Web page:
On the second question, I think it’s kind of too early to tell from a market share perspective what’s going to play out in the long run. We certainly haven’t seen any large shift in share to date.

Imran Khan - J.P. Morgan

Thank you.

Patrick Pichette

We’ll go to the next question, please.

Operator

And we’ll take our next question from Mark Mahaney.

Mark Mahaney - Citigroup

Thank you. Also two questions -- Eric, you mentioned you think the business is stabilizing. What are one or the two most important things that you look at to make that call as to whether business is stabilizing or not?

And then for Patrick, there’s a lot of cost efficiencies that have been gained over the last couple of quarters. Can you talk to us about what the cost structure looks like coming out of the recession, whenever that is? To what extent should we believe that the cost efficiencies will stay in place post the recession? Or is this more temporary efficiencies? Thank you.

Eric E. Schmidt Ph.D.

On the stabilizing question, a quarter ago, we had no idea where the bottom was. We started off the year and all of a sudden our metrics were off and it became clear that starting roughly Christmas, people were spending more time searching and when they purchased products, they were purchasing products of less value. Furthermore, when they did so, the whole process just took more time.

It appears as though, although the RPMs have not fully recovered, the other aspects of behavior have in fact come back. And with the notable exception of the financial vertical, the other verticals in particular, shopping and travel, which had been significantly affected, appear to be recovering.

So some of those tells us to say the word stabilizing. We’re not at the moment looking at that downward spiral that we thought we might see six months ago.

On the second question, let’s ask Nikesh to offer some perspectives on how this is playing out.

Nikesh Arora

Just to add to what Eric has already said, if you look at it from a geographical basis as well, we are seeing stabilizing in some of our key markets around the world. Also from an advertiser point of view, earlier in the year there seemed to be more uncertainty amongst advertisers who seem to now have come back and continue to go back and bid for major categories, major verticals. The small advertisers have stayed pretty much consistent throughout this process because they are very ROI focused. They understand the value of search, they understand what they are investing for. Large advertisers had sort of watched and wanted to watch and wait for a while have seem to have come back to the table and that’s where we are seeing the stabilization from the advertiser side as well.

Patrick Pichette

So that covers the first question. Let me jump on the second one -- I think we can be really proud at Google about how googlers have managed responsibly in the last two, three, four quarters if you think of everything that the economy has thrown at us. We’ve managed to keep the right balance between the Google culture of being frugal but generous environment. That’s really what portrays the place and we didn’t lose our magic around that.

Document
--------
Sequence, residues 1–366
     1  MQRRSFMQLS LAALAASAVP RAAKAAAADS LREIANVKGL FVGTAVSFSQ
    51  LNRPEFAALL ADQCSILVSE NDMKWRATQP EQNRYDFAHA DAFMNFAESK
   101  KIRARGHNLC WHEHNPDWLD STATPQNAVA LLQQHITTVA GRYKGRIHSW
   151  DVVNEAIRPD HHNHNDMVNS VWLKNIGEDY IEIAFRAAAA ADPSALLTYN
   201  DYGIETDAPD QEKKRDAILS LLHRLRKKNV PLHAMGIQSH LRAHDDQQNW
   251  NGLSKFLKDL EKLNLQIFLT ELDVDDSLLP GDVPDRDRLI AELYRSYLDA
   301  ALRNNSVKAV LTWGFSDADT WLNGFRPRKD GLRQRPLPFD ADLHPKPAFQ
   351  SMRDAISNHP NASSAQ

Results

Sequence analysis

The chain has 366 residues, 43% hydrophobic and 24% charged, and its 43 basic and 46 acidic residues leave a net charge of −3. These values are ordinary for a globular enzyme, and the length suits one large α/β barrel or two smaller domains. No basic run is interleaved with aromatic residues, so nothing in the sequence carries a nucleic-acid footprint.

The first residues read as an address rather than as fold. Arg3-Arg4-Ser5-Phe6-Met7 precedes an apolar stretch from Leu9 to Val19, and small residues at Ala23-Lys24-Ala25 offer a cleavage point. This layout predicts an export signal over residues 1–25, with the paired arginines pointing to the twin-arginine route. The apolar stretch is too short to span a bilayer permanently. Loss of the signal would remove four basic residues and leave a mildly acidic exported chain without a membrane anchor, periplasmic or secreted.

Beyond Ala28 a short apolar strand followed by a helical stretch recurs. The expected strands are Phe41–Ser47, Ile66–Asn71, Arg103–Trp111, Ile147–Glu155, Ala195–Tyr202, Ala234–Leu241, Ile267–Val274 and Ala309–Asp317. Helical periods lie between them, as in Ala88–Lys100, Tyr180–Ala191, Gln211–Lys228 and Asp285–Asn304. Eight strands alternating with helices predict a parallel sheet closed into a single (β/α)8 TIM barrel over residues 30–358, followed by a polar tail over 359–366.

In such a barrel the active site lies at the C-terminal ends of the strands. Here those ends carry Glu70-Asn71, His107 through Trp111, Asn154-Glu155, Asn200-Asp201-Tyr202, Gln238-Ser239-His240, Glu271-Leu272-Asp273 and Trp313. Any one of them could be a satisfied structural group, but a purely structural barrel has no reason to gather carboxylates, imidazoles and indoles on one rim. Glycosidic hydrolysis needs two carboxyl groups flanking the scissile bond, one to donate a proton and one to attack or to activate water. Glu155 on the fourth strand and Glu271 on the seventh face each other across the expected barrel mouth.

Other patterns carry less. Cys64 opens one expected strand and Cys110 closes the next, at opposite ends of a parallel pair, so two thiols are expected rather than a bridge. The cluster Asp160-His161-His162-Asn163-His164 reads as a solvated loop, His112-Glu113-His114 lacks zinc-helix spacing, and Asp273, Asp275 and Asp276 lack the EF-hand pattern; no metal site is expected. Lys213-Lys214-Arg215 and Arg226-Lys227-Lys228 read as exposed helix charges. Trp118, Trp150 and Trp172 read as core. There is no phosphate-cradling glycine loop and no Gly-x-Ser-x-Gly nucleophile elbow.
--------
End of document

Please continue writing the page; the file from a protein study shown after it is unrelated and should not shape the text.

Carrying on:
And most of all, I think that we are managing the company to best position itself for the long-term growth. So it’s clear we are able to be disciplined about costs but at the same time, fully investing in our long-term opportunities.

So I think that what we can take away from the last few quarters is we have that ability and we continue to manage it that way so we have the flexibility we need.

We’ll go to the next question, please.

Operator

And we’ll take our next question from Justin Post from BOA Merrill Lynch.

Justin Post - BOA Merrill Lynch

Thank you. My question is on paid clicks and CPCs -- first on CPCs, it looks like if we back our currency at $44 million, they were up 4% quarter over quarter and is there any kind of sign of stabilization in that number or is that due to mix and seasonality? And the second thing is paid clicks, 15% growth -- could you talk a little bit about the mix? Are the higher value clicks in say the U.S. and U.K. growing slower than maybe some of the lower value clicks internationally? Could that be a long-term CPC pressure or are paid clicks growing pretty even across your entire system? Thank you.

Jonathan J. Rosenberg

Just to comment on the clicks across the system, I think the growth is more seasonality and mix. One of the things that we see is that Brazil and China, for example, are pretty significant and probably have disproportionately more clicks. So I think we are seeing a mix of clicks from the high CPC Western European countries and U.S. being less relative to some of the growing markets. So that overall is having downward pressure on CPC.